612. Censorship

We aren’t supposed to teach people younger than us to be us. Not that we could, anyway, but it would be good to be aware both that we can’t and that we shouldn’t try to. We can let them know what’s important to us, and hope that whatever is becomes important to them, too, but I think that if we react to the ways they’re different instead of responding to them, everybody loses.
I recently heard about a group of teenagers who wanted to produce a play in school. It wasn’t the kind of play that’s usually chosen by adults for youth to perform; it contained language that adults who design curriculum tend to avoid – Catcher in the Rye-type language. I guess the adults involved felt that allowing this play to be produced in school would send a message to the community that the play represented the thinking of the school and school system. And that isn’t a message they wanted to send.
So in effect, the people in charge banned the play. They denied the young thespians permission to rehearse or perform the play in question in school. When I first heard about this, I had trouble imagining it. This was happening near the end of the twentieth century! That meant the people who were making and enforcing this decision were probably people who went to college around the time I did. The Woodstock generation!
People who should have known all about how it feels to want to be heard and to have those in power attempt to silence them!
I don’t want to dwell too long on that stereotype of my generation. True, many of us work for some fundamental changes in society, but some members of my generation also vote for conservative politicians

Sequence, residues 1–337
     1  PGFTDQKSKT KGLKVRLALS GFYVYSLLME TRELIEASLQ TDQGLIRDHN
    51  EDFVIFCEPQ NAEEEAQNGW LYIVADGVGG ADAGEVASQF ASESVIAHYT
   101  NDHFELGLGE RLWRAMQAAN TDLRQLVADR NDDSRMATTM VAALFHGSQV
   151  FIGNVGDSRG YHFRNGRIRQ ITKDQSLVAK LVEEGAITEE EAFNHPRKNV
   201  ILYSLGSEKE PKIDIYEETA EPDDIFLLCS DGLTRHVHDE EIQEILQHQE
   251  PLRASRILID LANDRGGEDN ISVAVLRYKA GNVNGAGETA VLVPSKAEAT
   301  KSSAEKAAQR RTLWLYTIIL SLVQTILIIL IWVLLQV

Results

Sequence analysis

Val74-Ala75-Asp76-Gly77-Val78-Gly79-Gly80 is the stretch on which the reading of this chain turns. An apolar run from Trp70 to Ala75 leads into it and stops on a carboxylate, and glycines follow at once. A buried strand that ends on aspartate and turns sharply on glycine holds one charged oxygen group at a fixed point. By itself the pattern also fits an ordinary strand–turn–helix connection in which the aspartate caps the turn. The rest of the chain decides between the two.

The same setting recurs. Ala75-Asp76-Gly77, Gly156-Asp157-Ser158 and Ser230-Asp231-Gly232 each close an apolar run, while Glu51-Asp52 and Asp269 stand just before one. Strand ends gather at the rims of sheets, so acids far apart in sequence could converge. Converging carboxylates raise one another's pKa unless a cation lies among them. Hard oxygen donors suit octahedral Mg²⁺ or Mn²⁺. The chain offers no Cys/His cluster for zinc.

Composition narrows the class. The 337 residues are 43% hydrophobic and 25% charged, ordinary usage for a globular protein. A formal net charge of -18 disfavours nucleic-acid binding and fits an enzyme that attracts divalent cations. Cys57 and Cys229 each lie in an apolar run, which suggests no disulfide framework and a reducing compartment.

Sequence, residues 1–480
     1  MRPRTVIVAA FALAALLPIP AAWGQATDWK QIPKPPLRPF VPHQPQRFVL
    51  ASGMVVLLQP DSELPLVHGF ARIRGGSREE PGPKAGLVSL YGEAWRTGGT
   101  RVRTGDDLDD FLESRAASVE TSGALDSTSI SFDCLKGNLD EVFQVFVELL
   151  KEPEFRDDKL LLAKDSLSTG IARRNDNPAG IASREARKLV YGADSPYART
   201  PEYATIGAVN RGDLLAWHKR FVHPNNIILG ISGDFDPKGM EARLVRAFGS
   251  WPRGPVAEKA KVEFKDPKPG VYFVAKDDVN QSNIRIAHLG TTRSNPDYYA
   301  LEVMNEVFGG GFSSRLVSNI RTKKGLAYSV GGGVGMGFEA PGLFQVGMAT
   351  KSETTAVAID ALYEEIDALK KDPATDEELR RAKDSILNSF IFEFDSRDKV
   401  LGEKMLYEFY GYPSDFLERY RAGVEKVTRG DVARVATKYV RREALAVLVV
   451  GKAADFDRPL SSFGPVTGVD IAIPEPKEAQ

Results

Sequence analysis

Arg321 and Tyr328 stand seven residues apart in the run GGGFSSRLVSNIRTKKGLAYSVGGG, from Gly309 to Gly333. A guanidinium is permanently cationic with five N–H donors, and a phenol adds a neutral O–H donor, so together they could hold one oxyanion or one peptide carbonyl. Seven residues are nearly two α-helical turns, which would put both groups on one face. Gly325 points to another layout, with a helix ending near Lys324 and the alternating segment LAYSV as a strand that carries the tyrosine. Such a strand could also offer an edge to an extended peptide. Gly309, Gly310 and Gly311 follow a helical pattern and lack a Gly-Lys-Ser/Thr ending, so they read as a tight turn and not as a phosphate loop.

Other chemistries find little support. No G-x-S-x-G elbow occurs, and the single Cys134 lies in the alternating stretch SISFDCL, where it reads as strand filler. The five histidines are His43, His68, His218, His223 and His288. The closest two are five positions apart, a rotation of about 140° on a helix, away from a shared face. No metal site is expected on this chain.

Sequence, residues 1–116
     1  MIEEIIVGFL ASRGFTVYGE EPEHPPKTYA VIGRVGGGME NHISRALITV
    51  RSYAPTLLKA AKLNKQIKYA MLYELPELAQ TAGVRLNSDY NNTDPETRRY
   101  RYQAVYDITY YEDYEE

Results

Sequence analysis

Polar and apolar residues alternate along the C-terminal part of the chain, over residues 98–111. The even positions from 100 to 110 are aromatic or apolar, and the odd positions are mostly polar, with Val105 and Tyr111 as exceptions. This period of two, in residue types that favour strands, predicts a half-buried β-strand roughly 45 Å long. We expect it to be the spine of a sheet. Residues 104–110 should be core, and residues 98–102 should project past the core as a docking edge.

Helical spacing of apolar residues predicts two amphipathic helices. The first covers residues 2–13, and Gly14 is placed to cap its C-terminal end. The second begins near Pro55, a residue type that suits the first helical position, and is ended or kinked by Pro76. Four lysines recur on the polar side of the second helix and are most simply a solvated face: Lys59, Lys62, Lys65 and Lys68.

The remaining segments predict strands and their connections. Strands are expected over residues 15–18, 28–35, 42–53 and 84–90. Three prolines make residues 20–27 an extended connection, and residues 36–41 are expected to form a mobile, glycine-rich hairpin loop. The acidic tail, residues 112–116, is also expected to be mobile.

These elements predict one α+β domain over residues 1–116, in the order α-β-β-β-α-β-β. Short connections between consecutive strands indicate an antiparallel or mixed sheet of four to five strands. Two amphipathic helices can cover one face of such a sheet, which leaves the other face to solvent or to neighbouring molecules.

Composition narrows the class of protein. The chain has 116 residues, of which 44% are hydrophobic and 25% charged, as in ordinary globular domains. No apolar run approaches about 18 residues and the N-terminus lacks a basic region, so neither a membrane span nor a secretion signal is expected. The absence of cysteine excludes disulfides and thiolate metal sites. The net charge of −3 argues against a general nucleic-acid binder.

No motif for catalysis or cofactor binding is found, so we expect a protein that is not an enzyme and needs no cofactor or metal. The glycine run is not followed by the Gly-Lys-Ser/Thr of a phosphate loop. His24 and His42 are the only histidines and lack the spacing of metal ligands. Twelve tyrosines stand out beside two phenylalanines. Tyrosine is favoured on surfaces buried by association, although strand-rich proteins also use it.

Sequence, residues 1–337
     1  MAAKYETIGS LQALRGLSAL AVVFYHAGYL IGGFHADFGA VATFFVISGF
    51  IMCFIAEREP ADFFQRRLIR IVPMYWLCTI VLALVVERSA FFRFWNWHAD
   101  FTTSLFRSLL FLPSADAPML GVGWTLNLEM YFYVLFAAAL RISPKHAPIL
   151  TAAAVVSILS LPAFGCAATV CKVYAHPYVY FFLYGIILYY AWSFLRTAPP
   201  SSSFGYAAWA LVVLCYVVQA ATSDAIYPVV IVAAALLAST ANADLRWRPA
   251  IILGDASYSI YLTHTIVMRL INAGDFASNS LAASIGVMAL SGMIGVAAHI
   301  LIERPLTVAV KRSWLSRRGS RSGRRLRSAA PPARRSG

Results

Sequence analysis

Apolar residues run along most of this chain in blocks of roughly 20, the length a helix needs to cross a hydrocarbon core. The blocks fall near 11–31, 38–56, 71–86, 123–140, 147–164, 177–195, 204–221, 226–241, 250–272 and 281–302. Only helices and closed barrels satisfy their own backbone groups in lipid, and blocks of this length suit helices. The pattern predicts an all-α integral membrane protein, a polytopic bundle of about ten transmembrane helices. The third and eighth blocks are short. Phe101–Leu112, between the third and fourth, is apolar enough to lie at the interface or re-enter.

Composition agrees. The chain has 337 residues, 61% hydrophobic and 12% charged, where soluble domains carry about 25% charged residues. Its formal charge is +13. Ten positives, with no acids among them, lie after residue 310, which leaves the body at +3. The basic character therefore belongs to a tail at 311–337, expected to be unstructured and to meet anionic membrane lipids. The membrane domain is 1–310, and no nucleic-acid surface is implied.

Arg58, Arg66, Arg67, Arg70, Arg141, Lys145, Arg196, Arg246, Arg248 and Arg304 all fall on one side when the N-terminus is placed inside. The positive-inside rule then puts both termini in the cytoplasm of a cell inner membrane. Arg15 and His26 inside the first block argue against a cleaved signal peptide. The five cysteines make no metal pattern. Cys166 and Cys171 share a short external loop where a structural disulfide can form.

and do other things I wouldn’t do. The Aged of Aquarius have managed to transform society in some ways, but somehow, a lot has stayed the same or regressed. I hope that one of our successes is that we’ve gotten people who end up in positions of authority to be more likely to be a little open-minded.
If we censor what young people do, we set an obscene example for them. There couldn’t be any words or ideas in the play that was causing all the controversy that were more objectionable than censorship. Our country and culture are based on respect for individuals, and individuals ought to be free to express themselves. Even if they don’t do it in words other individuals like. Allowing the play to be produced would have indeed sent a
message to the community: it would have told people that the school system took responsibility not only for teaching children “basic” skills, but also for teaching them that they and their ideas were important –
more important than linguistic and ideological conformity. And that’s an awfully important message to send.

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